Breath In, Breath Out

Breath In, Breath Out

David Dang , Staff Writer

A recent study by the World Health Organization indicates that over 3 million people from around the world die every year as a result of air pollution.

Air pollution is the direct result of burning fossil fuels from power plants, vehicles, and manufacturing facilities. The dangerous pollutants they emit include ozone, carbon monoxide, nitrogen oxide, sulfur dioxide, and lead. Continued exposure to these chemical compounds cause cardiovascular and respiratory diseases as well as lung cancer.

Jos Lelieveld, a professor at the Max Planck Institute for Chemistry in Germany and leading author behind the study, states, “The total number of deaths due to HIV and malaria is 2.8 million per year… That’s half a million less than the number of people who die from air pollution globally.”
This number is predicted to grow larger as our need for fossil fuels continues to grow. The World Health Organization predicted that, “…6.6 million premature deaths globally” by 2050. Lelieveld commented, “If this is to be avoided, intensive control measures will be needed.”

The worst examples of air pollution can be seen in eastern Asia, particularly in the Chinese capital of Beijing. Smog from industrial complexes in neighboring provinces, Shanxi, Shaanxi and Inner Mongolia, have covered the entire city. The citizens living in Beijing describe it only as an “airpocalypse”.
On January 15, 2015, an “Air Quality Index” of Beijing stated that the air quality was “beyond index,” literally meaning that the air pollution was so hazardous, it was “off the charts”.

Richard Muller, scientific director of Berkeley Earth, states, “When I was last in Beijing, pollution was at the hazardous level; every hour of exposure reduced my life expectancy by 20 minutes…It’s as if every man, woman, and child smoked 1.5 cigarettes each hour”.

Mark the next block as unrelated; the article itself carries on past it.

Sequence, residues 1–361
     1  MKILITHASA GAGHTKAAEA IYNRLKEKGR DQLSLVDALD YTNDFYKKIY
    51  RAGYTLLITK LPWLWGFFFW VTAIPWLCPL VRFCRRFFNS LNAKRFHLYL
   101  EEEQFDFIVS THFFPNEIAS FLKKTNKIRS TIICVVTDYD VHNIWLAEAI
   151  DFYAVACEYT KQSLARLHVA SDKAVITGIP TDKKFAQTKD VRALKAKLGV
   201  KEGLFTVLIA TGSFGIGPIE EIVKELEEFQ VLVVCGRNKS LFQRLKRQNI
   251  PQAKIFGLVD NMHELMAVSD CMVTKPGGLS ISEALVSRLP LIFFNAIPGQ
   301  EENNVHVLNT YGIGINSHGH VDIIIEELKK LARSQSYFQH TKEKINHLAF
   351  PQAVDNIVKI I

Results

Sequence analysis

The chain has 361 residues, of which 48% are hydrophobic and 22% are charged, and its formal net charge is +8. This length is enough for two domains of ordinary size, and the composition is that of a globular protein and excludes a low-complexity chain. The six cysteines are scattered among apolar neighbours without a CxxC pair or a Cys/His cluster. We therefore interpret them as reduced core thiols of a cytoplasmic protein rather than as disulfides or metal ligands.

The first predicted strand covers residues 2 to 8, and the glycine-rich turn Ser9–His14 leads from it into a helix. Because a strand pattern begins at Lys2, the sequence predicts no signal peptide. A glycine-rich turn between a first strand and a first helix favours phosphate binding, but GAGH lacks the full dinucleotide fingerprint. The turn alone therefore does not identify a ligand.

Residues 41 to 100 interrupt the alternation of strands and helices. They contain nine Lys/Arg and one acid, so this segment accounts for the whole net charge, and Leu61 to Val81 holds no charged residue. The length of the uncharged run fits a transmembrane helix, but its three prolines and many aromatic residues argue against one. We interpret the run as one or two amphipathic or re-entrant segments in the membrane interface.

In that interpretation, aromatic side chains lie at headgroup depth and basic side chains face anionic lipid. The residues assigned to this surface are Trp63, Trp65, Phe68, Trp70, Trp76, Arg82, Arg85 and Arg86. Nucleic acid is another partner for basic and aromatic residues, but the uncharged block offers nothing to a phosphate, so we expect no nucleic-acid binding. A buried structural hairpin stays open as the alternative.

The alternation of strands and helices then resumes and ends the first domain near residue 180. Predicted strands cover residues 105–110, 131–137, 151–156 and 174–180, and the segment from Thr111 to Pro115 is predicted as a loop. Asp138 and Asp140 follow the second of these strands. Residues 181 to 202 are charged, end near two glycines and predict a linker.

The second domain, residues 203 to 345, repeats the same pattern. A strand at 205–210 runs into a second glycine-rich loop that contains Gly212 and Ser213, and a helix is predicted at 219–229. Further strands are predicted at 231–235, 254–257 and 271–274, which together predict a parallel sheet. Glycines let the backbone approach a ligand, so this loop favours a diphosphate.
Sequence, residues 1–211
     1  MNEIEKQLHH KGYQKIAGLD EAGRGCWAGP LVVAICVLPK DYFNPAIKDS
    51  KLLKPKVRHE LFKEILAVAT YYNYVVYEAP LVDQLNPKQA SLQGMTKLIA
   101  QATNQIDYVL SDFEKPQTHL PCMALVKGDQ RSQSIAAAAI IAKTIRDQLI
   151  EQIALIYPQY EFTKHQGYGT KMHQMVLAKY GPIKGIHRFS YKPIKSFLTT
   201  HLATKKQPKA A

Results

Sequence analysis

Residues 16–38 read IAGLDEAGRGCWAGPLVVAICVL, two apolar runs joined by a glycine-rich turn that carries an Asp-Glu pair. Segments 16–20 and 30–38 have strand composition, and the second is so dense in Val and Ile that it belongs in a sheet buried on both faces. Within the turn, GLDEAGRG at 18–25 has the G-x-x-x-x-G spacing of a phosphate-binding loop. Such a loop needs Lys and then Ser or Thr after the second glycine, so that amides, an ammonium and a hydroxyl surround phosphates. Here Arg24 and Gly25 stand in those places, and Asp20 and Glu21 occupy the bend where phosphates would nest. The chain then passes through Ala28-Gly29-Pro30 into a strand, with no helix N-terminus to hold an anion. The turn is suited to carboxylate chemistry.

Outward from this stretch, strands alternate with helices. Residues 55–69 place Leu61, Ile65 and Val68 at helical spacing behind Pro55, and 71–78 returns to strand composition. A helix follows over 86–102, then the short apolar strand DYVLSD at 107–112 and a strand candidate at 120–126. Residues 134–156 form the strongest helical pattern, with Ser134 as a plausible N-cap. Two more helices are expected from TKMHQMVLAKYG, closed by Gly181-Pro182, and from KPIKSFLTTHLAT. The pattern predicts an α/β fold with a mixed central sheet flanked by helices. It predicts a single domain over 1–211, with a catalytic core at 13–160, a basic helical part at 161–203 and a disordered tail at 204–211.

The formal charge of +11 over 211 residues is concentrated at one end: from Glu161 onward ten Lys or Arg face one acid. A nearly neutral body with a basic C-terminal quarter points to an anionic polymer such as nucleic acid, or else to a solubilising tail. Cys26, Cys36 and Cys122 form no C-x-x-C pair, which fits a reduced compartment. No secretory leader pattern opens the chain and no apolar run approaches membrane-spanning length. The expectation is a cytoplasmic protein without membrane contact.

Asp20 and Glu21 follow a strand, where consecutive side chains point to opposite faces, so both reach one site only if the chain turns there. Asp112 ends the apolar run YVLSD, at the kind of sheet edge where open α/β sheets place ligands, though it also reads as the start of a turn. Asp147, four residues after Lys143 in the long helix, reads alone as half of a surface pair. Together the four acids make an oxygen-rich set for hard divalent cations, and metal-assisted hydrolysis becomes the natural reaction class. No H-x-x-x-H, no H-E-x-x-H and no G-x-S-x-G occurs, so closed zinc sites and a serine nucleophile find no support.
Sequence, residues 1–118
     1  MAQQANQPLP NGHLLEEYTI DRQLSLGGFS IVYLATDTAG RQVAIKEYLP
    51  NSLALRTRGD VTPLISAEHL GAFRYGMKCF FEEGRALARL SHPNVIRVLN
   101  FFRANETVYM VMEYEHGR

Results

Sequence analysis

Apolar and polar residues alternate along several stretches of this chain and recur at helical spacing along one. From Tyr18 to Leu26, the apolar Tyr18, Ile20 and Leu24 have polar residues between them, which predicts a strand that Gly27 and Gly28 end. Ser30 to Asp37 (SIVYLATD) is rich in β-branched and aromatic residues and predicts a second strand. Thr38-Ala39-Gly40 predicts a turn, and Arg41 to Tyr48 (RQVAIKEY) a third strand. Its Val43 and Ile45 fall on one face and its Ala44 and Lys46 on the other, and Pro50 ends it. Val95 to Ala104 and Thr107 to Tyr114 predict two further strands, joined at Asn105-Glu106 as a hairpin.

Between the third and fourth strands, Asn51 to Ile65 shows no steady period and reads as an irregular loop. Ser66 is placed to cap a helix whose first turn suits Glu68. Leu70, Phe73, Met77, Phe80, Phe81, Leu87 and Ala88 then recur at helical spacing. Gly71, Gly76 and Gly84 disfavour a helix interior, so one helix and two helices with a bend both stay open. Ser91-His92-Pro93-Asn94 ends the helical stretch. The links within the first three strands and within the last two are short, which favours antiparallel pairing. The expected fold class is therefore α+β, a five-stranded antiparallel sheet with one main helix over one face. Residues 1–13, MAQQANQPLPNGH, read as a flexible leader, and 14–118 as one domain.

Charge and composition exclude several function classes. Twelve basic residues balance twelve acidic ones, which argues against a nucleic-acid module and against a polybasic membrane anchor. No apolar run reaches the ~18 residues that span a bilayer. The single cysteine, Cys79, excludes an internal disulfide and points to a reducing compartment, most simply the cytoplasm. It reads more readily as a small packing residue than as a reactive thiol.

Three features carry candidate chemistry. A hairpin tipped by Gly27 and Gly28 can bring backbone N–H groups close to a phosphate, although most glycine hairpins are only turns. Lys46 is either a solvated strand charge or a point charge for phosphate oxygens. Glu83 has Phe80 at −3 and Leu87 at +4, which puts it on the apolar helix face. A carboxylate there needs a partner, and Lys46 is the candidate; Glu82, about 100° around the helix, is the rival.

Similar events are occurring worldwide-Lucknow, India; Khorramabad, Iran; and California. In local areas, such as Los Angeles, Long Beach, and Riverside, the American Lung Association, states, “people in the U.S. still breathe air dirty enough to cause health problems”.

Since the 1940’s, Los Angeles has been infamous for air pollution. For instance, on January 6, 1948, Char Miller, W. M. Keck Professor of Environmental Analysis at Pomona College, stated, “[the air was so polluted] parents kept their kids out of school; athletes trained indoors; citrus growers and sugar-beet producers watched in dismay as their crops withered; the elderly and young crowded into doctors’ offices and hospital ERs with throbbing heads and shortness of breath.”

Despite Los Angeles’ efforts in improving air quality, the American Lung Association states,“[Los Angeles and its surrounding area] still has the nation’s highest levels of ozone and fine particle pollution”.

To keep our air clean and clear, it’s important for members of our community to take action. Solutions for air pollution include the use of public transportation, the conservation of energy, the concept of “reuse, reduce, and recycle”, and the emphasis on renewable energy. Together, we can make change.